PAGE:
Appeals & Response Plans
- Tropical Cyclone Sagar - May 2018
- Ethiopia: Floods and Landslides - Apr 2018
- Ethiopia: Floods - Aug 2017
- Ethiopia: Measles Outbreak - May 2017
- East Africa: Armyworm Infestation - Mar 2017
- Ethiopia: Acute Watery Diarrhoea (AWD) Outbreak - May 2016
- Ethiopia: Floods - Apr 2016
- Ethiopia: Floods - Oct 2015
- Ethiopia: Drought - 2015-2018
- Ethiopia: Floods - Oct 2014
Most read reports
- Change and Continuity in Protests and Political Violence PM Abiy’s Ethiopia
- Ethiopia: The 2018 HDRP is facing a US$416.4 million funding shortfall to cover needs until the end of the year
- Ethiopia – Eritrean Refugee Influx (DG ECHO, UNHCR, NRC) (ECHO Daily Flash of 26 September 2018)
- Helping Ethiopia Achieve Green Growth and Avoid Industrialised Nations’ Environmental Mistakes
- Ethiopia Humanitarian Bulletin Issue 65 | 01-14 October 2018
This mapping will be regularly updated :
Are you looking for :
- Accountability Working Groups at country or regional levels ?
2.Examples of inter-agency information and feedback mechanisms or call centers ?
3.Examples of inter-agency projects related to Accountability to Affected Populations ?
4.Examples of how accountability to affected population is integrated into Humanitarian Response Plans?
5.Examples of how accountability to affected population is integrated into key global reports ?
June 17, 2016 IASC Early Warning, Early Action and Readiness Report for the period June to November 2016. The Report is biannual, with a 6 month horizon. It is the product of a group of Agency analysts. In most cases these individuals work for their respective Emergency Directors. Analysis of preparedness status is provided by OCHA. The Report complements more frequent interaction between RC/HC and the ERC as the IASC system officials accountable for ensuring interagency early action and readiness. This should take place using the IASC Emergency Response Preparedness approach.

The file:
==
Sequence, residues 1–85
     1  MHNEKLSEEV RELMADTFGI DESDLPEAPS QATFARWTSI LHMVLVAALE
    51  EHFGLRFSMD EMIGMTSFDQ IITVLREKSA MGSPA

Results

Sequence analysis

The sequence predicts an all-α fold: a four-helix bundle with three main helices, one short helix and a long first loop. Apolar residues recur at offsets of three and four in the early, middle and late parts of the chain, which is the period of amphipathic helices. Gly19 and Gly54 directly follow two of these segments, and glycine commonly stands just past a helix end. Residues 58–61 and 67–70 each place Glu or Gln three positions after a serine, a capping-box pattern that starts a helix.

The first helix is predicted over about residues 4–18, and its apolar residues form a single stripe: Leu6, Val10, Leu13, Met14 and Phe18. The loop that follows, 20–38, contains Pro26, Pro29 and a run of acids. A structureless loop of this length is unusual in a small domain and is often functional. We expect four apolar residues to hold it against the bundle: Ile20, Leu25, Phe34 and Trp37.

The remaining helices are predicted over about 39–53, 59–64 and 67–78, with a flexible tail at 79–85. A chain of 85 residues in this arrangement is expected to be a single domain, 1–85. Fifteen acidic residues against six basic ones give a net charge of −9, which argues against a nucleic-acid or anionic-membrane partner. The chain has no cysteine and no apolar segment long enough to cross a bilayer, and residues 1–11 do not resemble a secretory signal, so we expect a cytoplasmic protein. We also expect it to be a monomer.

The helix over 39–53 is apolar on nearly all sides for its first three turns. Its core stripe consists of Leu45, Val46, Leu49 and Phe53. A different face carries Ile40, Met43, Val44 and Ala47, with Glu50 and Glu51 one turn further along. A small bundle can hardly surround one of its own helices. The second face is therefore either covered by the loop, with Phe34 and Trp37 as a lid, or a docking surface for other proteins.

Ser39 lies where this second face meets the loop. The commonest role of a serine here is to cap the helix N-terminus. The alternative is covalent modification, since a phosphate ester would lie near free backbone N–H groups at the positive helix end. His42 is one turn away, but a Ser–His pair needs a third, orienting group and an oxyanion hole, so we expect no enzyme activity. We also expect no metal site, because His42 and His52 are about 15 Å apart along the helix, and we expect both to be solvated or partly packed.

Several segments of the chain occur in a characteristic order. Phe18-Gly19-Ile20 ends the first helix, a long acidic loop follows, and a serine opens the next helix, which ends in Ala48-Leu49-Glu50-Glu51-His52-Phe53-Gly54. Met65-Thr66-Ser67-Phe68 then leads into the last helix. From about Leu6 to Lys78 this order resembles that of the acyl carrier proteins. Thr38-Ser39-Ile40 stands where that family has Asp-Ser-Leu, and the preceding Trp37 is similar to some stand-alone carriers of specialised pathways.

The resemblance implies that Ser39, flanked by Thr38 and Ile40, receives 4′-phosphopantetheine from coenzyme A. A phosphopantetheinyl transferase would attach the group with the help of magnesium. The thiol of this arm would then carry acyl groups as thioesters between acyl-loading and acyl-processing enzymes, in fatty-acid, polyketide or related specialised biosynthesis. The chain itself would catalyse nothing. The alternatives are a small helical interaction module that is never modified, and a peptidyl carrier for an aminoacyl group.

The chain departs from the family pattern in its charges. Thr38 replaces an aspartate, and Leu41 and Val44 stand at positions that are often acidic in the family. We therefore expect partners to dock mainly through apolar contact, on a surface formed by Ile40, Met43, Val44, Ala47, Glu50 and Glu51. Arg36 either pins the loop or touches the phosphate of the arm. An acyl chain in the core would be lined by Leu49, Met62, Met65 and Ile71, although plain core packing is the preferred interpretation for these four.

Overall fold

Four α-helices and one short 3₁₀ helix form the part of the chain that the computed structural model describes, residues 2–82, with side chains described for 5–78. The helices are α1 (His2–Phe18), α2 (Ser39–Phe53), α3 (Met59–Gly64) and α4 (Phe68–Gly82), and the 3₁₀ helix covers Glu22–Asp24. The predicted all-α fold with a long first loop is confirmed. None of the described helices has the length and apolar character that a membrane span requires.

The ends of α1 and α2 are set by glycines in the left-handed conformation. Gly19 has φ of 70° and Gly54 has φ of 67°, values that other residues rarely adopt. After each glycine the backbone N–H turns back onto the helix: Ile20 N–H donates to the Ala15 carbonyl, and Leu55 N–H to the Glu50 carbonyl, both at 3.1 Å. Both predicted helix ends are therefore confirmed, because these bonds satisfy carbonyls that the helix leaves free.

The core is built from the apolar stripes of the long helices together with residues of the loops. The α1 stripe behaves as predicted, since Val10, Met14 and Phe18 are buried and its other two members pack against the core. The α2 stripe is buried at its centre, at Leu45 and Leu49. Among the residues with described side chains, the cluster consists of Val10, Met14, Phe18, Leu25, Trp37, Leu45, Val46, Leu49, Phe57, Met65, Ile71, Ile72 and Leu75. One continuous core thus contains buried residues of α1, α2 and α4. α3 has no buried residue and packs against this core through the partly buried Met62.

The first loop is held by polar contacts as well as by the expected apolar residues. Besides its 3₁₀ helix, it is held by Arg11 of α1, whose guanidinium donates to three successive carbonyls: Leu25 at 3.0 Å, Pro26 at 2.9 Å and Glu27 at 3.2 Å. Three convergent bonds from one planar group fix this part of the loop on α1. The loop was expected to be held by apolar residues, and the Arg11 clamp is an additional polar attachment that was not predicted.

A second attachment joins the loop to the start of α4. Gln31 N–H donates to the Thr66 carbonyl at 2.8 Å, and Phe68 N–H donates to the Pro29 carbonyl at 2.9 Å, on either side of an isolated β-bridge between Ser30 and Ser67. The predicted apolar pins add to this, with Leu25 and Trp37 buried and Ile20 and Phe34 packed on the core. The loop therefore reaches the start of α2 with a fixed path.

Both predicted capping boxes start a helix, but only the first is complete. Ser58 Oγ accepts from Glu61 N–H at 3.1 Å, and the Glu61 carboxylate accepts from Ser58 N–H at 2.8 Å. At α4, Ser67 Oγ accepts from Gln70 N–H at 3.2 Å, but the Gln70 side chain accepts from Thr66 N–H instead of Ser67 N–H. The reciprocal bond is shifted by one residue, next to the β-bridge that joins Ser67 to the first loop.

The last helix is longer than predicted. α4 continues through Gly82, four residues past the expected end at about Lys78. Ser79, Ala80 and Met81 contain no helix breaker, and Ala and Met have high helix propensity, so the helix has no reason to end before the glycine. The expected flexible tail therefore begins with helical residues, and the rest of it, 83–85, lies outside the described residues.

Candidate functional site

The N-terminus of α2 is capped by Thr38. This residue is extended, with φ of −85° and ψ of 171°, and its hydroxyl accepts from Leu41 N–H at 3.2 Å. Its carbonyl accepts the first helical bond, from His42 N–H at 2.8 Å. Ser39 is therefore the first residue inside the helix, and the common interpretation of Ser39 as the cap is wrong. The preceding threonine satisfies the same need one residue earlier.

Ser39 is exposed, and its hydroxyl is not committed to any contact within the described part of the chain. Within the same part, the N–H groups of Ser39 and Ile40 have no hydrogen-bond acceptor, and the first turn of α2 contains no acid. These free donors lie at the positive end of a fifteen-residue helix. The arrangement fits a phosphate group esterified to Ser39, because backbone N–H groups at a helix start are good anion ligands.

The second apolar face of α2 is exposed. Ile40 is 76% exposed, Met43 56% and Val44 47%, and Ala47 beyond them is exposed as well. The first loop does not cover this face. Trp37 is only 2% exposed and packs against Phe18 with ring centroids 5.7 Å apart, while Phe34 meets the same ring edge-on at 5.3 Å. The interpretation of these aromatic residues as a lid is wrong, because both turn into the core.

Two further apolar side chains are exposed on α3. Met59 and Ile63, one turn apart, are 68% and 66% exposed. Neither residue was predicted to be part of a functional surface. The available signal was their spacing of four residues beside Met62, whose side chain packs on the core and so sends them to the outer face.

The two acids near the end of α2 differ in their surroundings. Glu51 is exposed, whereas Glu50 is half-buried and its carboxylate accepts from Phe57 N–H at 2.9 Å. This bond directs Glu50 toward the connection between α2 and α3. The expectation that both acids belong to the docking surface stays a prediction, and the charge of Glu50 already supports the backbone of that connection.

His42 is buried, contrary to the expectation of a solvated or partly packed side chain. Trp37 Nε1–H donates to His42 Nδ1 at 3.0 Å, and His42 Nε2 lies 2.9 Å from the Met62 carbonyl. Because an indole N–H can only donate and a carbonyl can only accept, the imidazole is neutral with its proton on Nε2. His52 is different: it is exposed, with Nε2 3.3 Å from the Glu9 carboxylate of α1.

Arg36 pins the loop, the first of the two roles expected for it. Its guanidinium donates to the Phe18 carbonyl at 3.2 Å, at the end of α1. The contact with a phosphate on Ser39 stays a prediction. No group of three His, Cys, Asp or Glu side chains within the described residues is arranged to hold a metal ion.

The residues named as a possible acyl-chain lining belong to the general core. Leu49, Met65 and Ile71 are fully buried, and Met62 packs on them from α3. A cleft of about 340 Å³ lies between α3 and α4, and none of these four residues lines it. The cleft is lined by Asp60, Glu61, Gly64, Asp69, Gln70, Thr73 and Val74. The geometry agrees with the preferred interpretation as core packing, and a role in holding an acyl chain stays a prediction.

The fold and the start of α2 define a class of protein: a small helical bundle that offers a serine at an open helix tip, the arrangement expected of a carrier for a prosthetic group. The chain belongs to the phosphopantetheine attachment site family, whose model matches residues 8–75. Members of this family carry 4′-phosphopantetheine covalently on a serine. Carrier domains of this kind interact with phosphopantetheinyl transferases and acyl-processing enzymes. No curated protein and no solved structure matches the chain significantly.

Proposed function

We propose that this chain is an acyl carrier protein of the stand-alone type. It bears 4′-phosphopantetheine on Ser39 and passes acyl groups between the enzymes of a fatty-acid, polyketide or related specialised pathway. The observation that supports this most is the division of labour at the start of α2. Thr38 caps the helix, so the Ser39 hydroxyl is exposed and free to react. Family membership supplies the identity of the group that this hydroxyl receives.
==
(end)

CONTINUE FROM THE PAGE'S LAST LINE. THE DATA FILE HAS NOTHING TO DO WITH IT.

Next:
The IASC Alert, Early Warning and Readiness report is produced bi-annually as an inter-agency effort by the Task Team on Preparedness and Resilience (TTPR) for IASC member agencies. The report highlights serious risks that were either identified as being of particular strategic operational concern or as having a high probability and impact on humanitarian needs. In addition to collaboratively assembling the report, the report includes an analysis of the state of readiness, prepared by OCHA, which is compared against each risk.
KEY AIM: Create a system-wide “culture of accountability”: institutionalization of accountability to affected populations, including Prevention of Sexual Exploitation and Abuse, in function and resourcing within each humanitarian organization alongside system level cohesion, coordination, and learning.
- Executive Summary
1.1 Tens of thousands of people died, hundreds of thousands were displaced, and millions suffered deep erosion of livelihoods and assets in the 2011 drought crisis. However, the majority of the 13 million people affected received life-saving aid that prevented disaster. Suffering and mortality were most extreme for people in Somalia, and for Somali refugees moving to Ethiopia. Humanitarian response reached most people in time in Ethiopia and Kenya, but it failed to prevent a famine in Somalia.